Actually just quotes.
(transl. credit to Seamus Heaney)
I may have memorized the beginning lines:
So. The Spear-Danes in days gone by
And the kings who ruled them had courage and greatness.
We have heard of those princes’ heroic campaigns.
There was Shield Sheafson, scourge of many tribes,
A wrecker of mead-benches, rampaging among foes.
This terror of the hall-troops had come far.
A foundling to start with, he would flourish later on
The lines about courage and the greatness of times past seriously appeal to my closeted neoreactionary spirit.
(Also, the meter is exquisite.)
So his mind turned
To hall-building: he handed down orders
For men to work on a great mead-hall
Meant to be a wonder of the world forever;
It would be his throne-room and there he would dispense
His God-given goods to young and old—
But not the common land or people’s lives.
Far and wide through the world, I have heard,
Orders for work to adorn that wall stead
Were sent to many peoples. And soon it stood there,
Finished and ready, in full view,
The hall of halls. Heorot was the name
He had settled on it, whose utterance was law.
Nor did he renege, but doled out rings
And torques at the table. The hall towered,
Its gables wide and high and awaiting
A barbarous burning. That doom abided,
But in time it would come: the killer instinct
Unleashed among in-laws, the blood-lust rampant.
Then a powerful demon, a prowler through the dark,
Nursed a hard grievance. It harrowed him
To hear the din of the loud banquet
Every day in the hall, the harp being struck
And the clear song of a skilled poet
Telling with mastery of man’s beginnings,
How the Almighty had made the earth
A gleaming plain girdled with waters;
In His splendour He set the sun and moon
To be earth’s lamplight, lanterns for men,
And filled the broad lap of the world
With branches and leaves; and quickened life
In every other thing that moved.
“Damn elites listening to the clear songs of skilled poets!”
“On the government ring-dole”
“The presidents will be having a mead hall meeting”
“You didn’t built that mead-hall. The government built that.”
“A shining mead-hall on a hill”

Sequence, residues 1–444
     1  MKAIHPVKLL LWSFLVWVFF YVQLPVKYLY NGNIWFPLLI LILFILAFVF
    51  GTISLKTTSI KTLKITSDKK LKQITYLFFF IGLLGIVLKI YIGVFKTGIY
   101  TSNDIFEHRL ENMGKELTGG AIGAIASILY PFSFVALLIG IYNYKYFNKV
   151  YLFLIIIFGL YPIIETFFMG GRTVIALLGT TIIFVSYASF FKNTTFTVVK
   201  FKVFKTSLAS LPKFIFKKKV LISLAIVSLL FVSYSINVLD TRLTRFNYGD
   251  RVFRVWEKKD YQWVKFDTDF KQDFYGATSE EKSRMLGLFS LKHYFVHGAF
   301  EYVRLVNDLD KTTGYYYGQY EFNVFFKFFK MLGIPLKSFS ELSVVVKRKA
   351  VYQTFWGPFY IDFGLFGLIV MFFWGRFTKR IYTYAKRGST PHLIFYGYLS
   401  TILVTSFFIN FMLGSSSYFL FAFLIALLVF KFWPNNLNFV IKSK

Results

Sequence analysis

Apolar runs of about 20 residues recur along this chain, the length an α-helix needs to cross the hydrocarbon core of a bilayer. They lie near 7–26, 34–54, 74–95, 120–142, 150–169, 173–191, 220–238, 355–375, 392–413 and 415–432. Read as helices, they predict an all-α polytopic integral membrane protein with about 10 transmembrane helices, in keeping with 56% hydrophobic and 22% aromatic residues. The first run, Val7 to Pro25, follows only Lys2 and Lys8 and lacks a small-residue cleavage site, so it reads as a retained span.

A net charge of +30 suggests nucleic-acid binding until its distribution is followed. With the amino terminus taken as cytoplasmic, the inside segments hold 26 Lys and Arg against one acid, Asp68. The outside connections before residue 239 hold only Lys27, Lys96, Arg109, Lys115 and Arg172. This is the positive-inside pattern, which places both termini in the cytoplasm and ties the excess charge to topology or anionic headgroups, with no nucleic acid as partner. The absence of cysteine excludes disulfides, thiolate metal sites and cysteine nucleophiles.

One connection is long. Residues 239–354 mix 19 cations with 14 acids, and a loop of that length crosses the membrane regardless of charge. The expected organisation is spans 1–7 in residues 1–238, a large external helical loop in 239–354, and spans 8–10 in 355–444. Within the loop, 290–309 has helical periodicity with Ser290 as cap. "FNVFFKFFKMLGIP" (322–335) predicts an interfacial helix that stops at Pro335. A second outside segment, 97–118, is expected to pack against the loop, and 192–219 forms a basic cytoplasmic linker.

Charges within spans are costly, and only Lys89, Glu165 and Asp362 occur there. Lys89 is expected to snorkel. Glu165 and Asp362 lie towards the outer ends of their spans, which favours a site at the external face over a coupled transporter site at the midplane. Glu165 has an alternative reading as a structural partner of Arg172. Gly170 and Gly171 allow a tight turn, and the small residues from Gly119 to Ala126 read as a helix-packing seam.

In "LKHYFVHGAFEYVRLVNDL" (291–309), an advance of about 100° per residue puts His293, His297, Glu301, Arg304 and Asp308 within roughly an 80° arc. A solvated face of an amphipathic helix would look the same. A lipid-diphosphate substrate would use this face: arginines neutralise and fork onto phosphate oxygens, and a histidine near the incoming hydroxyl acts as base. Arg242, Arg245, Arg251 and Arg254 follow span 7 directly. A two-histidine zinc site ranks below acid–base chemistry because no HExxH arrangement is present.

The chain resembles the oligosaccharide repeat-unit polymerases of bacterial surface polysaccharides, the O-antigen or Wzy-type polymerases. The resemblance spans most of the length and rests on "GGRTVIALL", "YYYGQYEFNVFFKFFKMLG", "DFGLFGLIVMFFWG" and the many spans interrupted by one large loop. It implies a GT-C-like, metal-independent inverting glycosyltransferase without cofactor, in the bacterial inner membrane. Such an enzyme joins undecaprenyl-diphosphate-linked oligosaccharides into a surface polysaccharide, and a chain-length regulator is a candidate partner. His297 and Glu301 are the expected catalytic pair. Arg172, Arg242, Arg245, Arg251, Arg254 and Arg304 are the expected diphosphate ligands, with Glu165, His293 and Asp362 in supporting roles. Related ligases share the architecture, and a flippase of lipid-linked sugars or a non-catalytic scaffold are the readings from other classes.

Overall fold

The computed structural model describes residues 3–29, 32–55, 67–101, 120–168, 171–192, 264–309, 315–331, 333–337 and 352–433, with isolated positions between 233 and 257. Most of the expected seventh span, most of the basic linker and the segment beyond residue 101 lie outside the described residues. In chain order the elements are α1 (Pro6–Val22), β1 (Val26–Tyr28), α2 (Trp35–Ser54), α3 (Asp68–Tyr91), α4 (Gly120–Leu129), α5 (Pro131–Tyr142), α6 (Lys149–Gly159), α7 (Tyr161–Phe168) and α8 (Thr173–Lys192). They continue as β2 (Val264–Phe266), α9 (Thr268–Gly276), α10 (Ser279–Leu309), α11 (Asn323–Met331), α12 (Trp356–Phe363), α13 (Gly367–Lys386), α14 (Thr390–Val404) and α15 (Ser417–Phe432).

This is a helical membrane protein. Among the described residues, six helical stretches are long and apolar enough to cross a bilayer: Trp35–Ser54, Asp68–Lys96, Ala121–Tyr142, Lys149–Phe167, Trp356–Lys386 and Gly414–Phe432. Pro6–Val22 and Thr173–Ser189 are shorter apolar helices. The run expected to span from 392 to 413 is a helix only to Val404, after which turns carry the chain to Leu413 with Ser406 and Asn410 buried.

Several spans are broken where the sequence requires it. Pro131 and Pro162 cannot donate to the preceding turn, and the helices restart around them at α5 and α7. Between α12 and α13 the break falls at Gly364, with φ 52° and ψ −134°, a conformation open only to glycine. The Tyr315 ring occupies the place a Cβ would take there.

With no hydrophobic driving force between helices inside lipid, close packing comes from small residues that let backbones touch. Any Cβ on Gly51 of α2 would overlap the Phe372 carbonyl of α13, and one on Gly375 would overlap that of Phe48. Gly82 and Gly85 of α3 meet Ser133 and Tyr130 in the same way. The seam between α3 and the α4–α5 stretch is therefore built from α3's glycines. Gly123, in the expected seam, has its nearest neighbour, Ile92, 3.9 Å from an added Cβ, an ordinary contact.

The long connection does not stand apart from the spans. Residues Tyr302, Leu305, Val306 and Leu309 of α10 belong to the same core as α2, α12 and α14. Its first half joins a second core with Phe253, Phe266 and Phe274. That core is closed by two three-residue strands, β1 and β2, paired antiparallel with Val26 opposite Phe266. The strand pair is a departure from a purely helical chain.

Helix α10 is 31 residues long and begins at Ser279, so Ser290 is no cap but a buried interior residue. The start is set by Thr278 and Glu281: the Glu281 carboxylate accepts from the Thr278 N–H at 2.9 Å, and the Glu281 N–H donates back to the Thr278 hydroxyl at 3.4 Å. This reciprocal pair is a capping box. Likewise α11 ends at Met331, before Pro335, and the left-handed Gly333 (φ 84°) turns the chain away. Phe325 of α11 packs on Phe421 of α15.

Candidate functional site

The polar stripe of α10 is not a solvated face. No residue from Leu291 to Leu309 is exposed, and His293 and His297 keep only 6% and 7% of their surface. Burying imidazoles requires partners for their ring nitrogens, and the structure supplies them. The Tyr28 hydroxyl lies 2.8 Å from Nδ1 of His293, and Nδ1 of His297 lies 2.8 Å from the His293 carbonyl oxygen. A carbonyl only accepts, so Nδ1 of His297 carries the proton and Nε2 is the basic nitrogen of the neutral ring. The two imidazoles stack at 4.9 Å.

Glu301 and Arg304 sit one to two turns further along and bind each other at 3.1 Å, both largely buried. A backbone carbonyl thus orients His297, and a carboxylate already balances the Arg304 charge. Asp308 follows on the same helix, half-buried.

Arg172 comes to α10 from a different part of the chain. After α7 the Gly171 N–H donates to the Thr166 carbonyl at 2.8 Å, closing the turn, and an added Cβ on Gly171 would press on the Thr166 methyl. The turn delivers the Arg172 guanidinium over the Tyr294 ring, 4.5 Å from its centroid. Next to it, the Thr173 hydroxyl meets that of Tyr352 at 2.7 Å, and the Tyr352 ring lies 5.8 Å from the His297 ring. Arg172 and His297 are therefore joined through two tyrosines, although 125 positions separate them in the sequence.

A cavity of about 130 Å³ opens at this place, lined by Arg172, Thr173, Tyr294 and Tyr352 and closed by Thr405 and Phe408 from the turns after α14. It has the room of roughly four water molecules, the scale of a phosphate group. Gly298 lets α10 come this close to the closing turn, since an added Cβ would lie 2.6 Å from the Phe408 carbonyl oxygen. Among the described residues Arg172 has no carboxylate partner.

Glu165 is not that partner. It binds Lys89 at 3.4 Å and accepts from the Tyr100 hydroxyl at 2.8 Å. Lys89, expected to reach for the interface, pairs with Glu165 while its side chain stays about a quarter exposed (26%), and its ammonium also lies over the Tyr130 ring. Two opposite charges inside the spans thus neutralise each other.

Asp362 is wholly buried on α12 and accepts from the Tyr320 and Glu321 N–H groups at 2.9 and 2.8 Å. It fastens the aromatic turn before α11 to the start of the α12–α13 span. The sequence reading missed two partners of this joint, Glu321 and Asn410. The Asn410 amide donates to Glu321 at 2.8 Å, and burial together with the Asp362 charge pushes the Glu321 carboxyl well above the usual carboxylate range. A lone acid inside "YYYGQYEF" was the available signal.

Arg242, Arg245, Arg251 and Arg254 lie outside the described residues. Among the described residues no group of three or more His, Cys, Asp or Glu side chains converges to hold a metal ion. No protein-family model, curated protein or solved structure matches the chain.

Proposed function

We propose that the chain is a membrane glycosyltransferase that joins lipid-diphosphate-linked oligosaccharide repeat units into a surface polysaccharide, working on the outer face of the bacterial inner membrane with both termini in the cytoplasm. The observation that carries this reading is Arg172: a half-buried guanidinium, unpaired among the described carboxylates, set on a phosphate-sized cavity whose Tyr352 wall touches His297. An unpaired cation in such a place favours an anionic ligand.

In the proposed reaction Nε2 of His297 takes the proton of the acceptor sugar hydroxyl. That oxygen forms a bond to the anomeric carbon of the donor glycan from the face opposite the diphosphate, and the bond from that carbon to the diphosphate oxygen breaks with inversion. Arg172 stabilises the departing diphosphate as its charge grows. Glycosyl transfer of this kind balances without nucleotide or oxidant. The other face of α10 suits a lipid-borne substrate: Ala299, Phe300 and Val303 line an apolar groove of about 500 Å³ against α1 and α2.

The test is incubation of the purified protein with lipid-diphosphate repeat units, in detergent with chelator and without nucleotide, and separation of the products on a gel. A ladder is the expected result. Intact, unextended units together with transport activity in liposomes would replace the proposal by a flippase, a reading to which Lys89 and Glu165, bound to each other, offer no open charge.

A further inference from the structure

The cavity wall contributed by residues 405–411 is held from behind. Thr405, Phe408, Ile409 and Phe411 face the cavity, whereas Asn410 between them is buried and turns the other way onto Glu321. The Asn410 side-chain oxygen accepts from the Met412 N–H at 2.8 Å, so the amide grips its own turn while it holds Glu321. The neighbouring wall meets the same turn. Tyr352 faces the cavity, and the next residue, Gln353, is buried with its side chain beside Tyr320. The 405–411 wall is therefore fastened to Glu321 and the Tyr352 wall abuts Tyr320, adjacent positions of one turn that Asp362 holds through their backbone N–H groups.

“I’ll build a mead-hall and I’ll make the Danes pay for it.”
Okay, the next few quotes are a bit less lighthearted.
They shouldered him out to the sea’s flood,
The chief they revered who had long ruled them.
A ring-whorled prow rode in the harbour,
Ice-clad, outbound, a craft for a prince.
They stretched their beloved lord in his boat,
Laid out by the mast, amidships,
The great ring-giver. Far-fetched treasures
Were piled upon him, and precious gear.
I never heard before of a ship so well furbished
With battle tackle, bladed weapons
And coats of mail. The massed treasure
Was loaded on top of him: it would travel far
On out into the ocean’s sway.
They decked his body no less bountifully
With offerings than those first ones did
Who cast him away when he was a child
And launched him alone out over the waves.
And they set a gold standard up
High above his head and let him drift
To wind and tide, bewailing him
And mourning their loss. No man can tell,
No wise man in hall or weathered veteran
Knows for certain who salvaged that load.
A ship sailing out to sea, prow glinting,
stacked high with the riches of a nation,
they must have loved him
they must have loved him so,
a jewel-laden ship
drifting beyond the crowded shores.
It was like the misery felt by an old man
Who has lived to see his son’s body
Swing on the gallows. He begins to keen
And weep for his boy, watching the raven
Gloat where he hangs: he can be of no help.
The wisdom of age is worthless to him.
Morning after morning, he wakes to remember
That his child is gone; he has no interest
In living on until another heir
Is born in the hall, now that his first-born
Has entered death’s dominion forever.
He gazes sorrowfully at his son’s dwelling,
The banquet hall bereft of all delight,
The windswept hearthstone; the horsemen are sleeping,
The warriors underground; what was is no more.
No tunes from the harp, no cheer raised in the yard.
Alone with his longing, he lies down on his bed
And sings a lament; everything seems too large,
The steadings and the fields.
Such was the feeling
Of loss endured by the lord of the Geats
After Herebeald’s death. He was hopelessly placed
To set to rights the wrong committed,
Could not punish the killer in accordance of the law
Of the blood-feud, although he felt no love for him.
Heartsore, wearied, he turned away
From life’s joys, chose God’s light
And departed, leaving buildings and lands
To his sons, as a man of substance will.
Then over the wide seas Swedes and Geats
Battled and feuded and fought without quarter.
Hostilities broke out when Hrethel died.
The Geat people built a pyre for Beowulf,
Stacked and decked it until it stood four-square,
Hung with helmets, heavy war-shields
And shining armor, just as he had ordered.
Then his warriors laid him in the middle of it,
Mourning a lord far-famed and beloved.
On a height they kindled the hugest of all
Funeral fires; fumes of wood smoke
Billowed darkly up, the blaze roared
And drowned out their weeping, wind died down
And flames wrought havoc in the hot bone-house,
Burning it to the core. They were disconsolate
And wailed aloud for their lord’s decease.
A Geat woman too sang out in grief:
With hair bound up, she unburdened herself
Of her worst fears, a wild litany
Of nightmare and lament: her nation invaded,
Enemies on the rampage, bodies in piles,
Slavery and abasement.
Heaven swallowed the smoke.
Death is the last enemy to be destroyed.